A fable is a short story that teaches a lesson. The most famous fables are from Aesop, but due to the age of these stories, the language in the retelling is often hard to understand. Ask students to read some of Aesop's fables and then retell or adapt them to make them easier for kids today to understand.
Read the The Hare and the Tortoise from the Library of Congress, to your students. Ask your students if they have heard this story before.
Share with students that we call a story that teaches a lesson a fable. Ask students if they can name other fables. They may be familiar with ones like: The Town Mouse and the Country Mouse, The Lion and the Mouse, or The Crow and the Pitcher. Many fables are told using animals and most specifically spell out the moral at the end.
The moral of The Hare and the Tortoise from the Library of Congress is “The race is not always to the swift.” Ask your students if they know how to say this moral a different way, such as “Slow and steady wins the race.”
Tell your students that Aesop's fables were written by a Greek slave over 2500 hundred years ago! The version of the story from the Library of Congress was written in 1919, almost one hundred years ago.
Find another version of the story online, or watch the animated adaptation of the “Velociraptor and the Apatosaurus” below. Is the lesson, or moral, the same?
Have a discussion about which version the students like and why. Talk about how a story can be told different ways and still contain the same, or at least a similar, message.
Tell students that they will be reading different Aesop's fables and creating new versions using Wixie or Pixie with the goal of making the lesson in the story easier for kids today to understand. The version they create can be a straightforward retelling, or adaption of the story.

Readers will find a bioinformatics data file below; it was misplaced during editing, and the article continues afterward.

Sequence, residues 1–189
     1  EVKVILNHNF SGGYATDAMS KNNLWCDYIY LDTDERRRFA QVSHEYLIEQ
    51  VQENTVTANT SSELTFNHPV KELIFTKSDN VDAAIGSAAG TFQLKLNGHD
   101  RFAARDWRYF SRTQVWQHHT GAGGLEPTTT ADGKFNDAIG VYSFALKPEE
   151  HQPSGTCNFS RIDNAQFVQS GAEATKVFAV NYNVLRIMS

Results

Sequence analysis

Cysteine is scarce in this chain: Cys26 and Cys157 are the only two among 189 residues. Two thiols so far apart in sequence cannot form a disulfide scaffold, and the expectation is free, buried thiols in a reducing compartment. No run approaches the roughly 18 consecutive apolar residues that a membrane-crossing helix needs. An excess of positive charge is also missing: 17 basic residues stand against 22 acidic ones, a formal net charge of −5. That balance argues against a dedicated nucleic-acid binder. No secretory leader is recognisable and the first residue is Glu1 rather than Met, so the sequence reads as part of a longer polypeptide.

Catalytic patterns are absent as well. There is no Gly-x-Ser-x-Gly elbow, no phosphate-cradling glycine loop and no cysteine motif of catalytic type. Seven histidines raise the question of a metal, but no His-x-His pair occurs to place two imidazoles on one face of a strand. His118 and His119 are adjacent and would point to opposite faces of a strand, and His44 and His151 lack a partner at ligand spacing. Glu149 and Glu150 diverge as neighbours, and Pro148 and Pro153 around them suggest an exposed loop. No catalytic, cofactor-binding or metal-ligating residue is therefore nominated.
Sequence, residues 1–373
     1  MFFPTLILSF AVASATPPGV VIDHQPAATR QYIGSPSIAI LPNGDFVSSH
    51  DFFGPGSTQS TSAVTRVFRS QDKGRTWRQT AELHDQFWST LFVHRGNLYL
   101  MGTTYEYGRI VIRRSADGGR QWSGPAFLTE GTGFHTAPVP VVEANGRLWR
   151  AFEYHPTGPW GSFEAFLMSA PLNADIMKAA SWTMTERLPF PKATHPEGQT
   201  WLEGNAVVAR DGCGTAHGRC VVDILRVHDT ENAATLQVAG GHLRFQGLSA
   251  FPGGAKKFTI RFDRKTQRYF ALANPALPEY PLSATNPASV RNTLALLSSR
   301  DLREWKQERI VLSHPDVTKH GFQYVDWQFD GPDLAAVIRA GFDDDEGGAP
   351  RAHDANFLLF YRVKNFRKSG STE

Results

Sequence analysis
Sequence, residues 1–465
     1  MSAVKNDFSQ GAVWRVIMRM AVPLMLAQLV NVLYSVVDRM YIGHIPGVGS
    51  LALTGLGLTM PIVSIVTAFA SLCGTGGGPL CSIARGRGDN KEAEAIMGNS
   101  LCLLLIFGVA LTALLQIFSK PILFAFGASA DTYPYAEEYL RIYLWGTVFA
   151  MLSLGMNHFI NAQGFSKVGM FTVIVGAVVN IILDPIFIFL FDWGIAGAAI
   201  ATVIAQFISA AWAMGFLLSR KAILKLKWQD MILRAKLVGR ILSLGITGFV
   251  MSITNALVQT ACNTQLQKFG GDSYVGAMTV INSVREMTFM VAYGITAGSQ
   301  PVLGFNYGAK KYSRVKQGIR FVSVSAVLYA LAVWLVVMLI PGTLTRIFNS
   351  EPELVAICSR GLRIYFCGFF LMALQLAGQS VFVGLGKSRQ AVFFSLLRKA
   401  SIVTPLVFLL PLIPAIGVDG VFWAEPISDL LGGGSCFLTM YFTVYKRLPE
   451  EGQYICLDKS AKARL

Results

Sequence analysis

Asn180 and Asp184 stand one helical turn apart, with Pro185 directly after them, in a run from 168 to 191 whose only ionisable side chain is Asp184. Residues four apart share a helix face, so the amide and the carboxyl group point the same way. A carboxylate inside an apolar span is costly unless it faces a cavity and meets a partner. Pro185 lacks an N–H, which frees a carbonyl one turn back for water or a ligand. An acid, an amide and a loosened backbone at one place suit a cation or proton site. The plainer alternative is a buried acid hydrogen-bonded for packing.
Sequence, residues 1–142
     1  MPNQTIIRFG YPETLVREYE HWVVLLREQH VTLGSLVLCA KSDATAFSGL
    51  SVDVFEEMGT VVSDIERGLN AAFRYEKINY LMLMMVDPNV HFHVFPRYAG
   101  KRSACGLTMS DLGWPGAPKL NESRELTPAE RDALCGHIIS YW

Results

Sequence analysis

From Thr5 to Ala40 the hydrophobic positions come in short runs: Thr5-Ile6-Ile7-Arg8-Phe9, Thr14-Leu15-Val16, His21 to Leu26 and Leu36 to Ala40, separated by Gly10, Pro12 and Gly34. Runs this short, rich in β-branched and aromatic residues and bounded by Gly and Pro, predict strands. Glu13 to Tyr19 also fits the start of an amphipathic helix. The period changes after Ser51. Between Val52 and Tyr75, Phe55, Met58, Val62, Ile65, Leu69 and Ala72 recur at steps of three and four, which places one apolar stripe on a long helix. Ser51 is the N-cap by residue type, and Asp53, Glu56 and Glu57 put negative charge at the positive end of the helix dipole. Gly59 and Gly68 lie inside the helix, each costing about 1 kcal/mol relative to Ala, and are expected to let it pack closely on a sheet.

Divide students into small teams and have them choose a fable to retell. You can provide them with a list, or assign fables to different groups, based on the reading level of versions you have available from your school or classroom library.
Teams should begin the process by reading the story as a group. Have each member complete a Beginning Middle, and End organizer to break the story into pieces making it easier to retell. Then, have them discuss with their team how each of them split up the story.
You can also use a Parts of a Story organizer to help students identify character, plot, and setting. This is especially useful if teams are working on adaptations of the story that go a bit beyond a straight retelling.
Teams should use the details from their organizers to write a rough draft of their retelling. Teams can work together to edit their versions or trade with another team for feedback.
Before they begin building their story in Wixie, teams should submit their edited draft to you for review. Work with students to continue editing as necessary.
If your access to technology is somewhat restricted, have each group further plan their project using a printed storyboard that includes both text and pictures. This will help them move forward more quickly when they do have access to the tools to create the story.